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I'm a beginner in electronics, and I'm ignorant of many basic things.

Check out these black things on the board:

enter image description here

These are from a keyboard.

I'm disassembling it and I want to connect my own switches to it. All the connections seem to go to these black things. But I have no idea how to connect to them. How can I do that?

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    \$\begingroup\$ @Andyaka - I'm pretty sure he means the gray/black rectangles in a line on the board.. \$\endgroup\$ – Connor Wolf May 18 '13 at 10:50
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    \$\begingroup\$ @Andyaka - They don't look gold to me at all. Plus, they're noticeably convex, and that much gold would be ridiculously expensive. They also have a clear texture. \$\endgroup\$ – Connor Wolf May 18 '13 at 10:58
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    \$\begingroup\$ Those pads are nothing to do with any actual capacitive keyboard functionality, whether the keyboard is capacitive sensing or not. Those are contact pads, usually a conductive elastomer, used for making contact with the PCB traces seen on the transparent flexible printed circuit. This is similar to the elastomer strips used for connecting to LCD panels. \$\endgroup\$ – Anindo Ghosh May 18 '13 at 11:12
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    \$\begingroup\$ @Andyaka They look black on my color-calibrated monitor, anyways. \$\endgroup\$ – Connor Wolf May 18 '13 at 11:15
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    \$\begingroup\$ @Andyaka they don't look remotely the same color as the vias... Unless maybe your going color blind pal. \$\endgroup\$ – Passerby May 18 '13 at 17:15
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Those black sections are either a carbon-glue paste, or a conductive, carbon-doped elastomer. The carbon makes them (somewhat) conductive, and the rest holds it together. They then make contact by simply pressing against the silver-laden ink traces of the keyboard (in the background of your picture, I would guess).

If you want to connect to them, you're probably going to have to scrape the black paste off the contacts, until you reach bare copper, which you can then solder to.


Are you sure that is a capacitive keyboard? The keyboard membrane in the background looks like a pretty standard pressure-activated membrane switch assembly to me.

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  • \$\begingroup\$ I'm not sure whether it's capacitive or not. Here's a picture: i.imgur.com/jQ3T3Xr.jpg Can you tell me whether it's capacitive or something else? \$\endgroup\$ – Ram Rachum May 18 '13 at 11:38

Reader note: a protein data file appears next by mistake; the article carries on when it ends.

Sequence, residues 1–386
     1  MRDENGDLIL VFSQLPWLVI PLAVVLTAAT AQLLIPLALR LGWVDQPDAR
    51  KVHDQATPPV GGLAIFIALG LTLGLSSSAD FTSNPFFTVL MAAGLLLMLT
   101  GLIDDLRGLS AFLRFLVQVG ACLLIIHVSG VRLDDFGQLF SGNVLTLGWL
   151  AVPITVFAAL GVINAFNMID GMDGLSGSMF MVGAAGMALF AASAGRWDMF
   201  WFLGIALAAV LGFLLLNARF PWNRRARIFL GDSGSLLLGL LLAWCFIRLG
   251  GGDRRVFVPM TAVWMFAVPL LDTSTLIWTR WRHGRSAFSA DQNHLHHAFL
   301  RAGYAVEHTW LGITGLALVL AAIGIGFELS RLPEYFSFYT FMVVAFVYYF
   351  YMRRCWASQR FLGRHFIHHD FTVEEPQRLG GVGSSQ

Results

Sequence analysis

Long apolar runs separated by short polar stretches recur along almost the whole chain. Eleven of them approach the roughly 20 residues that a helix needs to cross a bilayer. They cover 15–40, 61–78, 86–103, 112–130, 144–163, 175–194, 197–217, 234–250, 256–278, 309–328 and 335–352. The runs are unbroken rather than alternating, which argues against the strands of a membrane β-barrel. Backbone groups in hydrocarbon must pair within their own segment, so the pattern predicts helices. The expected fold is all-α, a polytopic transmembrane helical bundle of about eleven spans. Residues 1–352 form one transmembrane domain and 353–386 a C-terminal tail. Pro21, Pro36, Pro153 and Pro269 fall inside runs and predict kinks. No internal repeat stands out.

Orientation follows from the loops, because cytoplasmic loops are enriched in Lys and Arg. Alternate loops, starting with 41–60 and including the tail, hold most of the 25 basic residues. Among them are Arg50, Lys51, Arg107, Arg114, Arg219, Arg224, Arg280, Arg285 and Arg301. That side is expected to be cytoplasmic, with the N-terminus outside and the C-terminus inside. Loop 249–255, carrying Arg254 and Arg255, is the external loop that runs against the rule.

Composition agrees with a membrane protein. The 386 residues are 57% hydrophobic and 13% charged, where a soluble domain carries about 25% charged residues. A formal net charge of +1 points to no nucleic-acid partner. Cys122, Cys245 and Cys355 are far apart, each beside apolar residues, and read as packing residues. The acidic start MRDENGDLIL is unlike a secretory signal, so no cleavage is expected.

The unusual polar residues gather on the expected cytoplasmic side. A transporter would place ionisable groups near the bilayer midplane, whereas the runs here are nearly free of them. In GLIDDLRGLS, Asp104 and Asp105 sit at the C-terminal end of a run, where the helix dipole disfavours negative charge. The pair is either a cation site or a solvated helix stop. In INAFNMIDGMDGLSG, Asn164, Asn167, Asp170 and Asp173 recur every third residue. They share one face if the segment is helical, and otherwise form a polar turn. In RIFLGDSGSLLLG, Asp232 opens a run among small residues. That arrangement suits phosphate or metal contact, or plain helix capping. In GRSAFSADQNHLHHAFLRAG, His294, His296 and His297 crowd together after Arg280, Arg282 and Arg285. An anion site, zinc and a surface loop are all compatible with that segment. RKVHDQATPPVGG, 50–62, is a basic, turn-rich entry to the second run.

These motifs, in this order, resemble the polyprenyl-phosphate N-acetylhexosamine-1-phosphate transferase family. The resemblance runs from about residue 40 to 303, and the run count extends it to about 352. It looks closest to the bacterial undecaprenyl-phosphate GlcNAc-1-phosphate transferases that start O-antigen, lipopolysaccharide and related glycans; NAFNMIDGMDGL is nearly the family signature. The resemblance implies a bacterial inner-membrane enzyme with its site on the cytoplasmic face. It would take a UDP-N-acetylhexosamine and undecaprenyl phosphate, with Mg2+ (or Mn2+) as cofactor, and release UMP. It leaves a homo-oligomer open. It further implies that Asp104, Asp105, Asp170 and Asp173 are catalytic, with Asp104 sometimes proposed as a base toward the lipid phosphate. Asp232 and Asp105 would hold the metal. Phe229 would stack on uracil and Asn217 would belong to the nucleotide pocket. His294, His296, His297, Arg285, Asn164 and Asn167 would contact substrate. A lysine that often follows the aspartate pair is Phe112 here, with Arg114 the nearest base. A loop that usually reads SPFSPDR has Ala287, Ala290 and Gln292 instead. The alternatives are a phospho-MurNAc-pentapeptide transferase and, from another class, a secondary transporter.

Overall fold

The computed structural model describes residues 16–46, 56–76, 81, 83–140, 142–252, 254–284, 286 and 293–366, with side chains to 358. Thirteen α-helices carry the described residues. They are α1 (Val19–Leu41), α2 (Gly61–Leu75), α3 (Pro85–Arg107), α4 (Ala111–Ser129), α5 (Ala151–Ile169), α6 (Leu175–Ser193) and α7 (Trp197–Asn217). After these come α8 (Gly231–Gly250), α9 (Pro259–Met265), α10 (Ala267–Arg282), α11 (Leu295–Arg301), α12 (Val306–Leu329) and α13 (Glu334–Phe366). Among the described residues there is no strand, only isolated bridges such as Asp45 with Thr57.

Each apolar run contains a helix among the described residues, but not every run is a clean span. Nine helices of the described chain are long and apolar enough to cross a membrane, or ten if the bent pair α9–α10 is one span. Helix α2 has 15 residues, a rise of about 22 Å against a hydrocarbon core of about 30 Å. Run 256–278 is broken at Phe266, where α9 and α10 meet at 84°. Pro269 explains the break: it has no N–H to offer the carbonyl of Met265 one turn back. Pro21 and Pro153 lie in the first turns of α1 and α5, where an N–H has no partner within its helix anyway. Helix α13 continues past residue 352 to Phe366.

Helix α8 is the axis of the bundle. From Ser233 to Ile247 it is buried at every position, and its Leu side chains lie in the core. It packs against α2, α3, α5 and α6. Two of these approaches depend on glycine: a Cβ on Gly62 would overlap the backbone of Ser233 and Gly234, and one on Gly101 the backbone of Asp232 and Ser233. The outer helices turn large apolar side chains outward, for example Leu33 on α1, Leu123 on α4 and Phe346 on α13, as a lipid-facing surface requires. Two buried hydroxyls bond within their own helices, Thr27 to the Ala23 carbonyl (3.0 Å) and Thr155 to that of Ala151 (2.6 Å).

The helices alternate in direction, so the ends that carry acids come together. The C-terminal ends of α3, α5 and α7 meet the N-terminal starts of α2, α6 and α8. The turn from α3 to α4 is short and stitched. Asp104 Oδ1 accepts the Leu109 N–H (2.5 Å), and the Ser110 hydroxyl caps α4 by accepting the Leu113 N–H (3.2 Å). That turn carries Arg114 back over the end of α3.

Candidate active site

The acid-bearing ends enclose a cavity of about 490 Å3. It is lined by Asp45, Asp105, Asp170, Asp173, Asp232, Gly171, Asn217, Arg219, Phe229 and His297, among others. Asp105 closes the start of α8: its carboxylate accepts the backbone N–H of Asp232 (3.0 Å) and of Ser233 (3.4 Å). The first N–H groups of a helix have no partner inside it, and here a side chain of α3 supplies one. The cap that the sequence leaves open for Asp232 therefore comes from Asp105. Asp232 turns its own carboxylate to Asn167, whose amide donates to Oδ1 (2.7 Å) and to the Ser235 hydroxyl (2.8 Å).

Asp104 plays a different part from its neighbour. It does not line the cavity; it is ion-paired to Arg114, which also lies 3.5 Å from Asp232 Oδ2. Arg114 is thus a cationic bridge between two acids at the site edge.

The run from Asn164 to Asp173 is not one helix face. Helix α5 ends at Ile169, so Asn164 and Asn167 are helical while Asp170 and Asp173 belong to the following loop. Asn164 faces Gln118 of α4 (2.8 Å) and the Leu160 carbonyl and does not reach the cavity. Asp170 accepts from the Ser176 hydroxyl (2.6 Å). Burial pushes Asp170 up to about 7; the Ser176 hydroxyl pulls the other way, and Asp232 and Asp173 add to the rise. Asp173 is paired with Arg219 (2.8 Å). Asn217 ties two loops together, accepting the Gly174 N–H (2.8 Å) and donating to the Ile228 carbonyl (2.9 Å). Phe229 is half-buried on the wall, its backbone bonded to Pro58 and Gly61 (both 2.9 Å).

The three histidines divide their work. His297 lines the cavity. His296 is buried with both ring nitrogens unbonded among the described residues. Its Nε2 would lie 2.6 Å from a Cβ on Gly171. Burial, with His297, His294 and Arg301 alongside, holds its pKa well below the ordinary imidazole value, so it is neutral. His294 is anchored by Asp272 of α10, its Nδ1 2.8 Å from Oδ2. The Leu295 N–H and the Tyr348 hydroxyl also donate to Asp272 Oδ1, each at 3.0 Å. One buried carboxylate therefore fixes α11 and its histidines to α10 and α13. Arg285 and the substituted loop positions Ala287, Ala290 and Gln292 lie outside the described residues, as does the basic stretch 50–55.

• \$\begingroup\$ If you want the keyboard to remain functional, it may be easier to use a separate MakeyMakey \$\endgroup\$ – RedGrittyBrick May 18 '13 at 11:54
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    \$\begingroup\$ @RamRachum That flexible white rubber sheet definitely means its not a capacitive keyboard. \$\endgroup\$ – Passerby May 18 '13 at 17:16
  • \$\begingroup\$ @ConnorWolf The way it was originally connected to the contacts on the sheet is that there's a metal bar, not shown in the picture, pressing them together and not allowing either to move. Could I get something similar, except instead of the contacts going to a sheet, they'll go to wires that I can then connect to my own buttons? \$\endgroup\$ – Ram Rachum May 23 '13 at 14:26
  • \$\begingroup\$ You should be able to take a piece of perfboard and run some wire in the same pattern/spacing as the contacts and solder to that. Alternately, could you just put a piece of tape over the contacts, lay your wires on top of that, then reassemble it using the bar to hold everything together? It's pretty low-budget but it might work to get you started. \$\endgroup\$ – TMN May 23 '13 at 20:52
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Easier than scraping away the black stuff may be to follow a copper trace from the black pad to a nearby via, and solder to the via. Or take it further and follow the via through the board, where another trace may take you to a larger copper pad that's easier to solder onto.

To solder onto a via, you'll need pretty thin wire, say 30 gauge solid (not stranded) wire, maybe even smaller, 36 gauge if you can find it. Such thin wire and small solder connection will be mechanically fragile, and will snap off easily, possibly tearing away the surface copper from the via. Be sure you have some mechanical strain relief or way to prevent the wire from moving & bending near the solder point, like glue the wire down to the board an inch away from the solder point.

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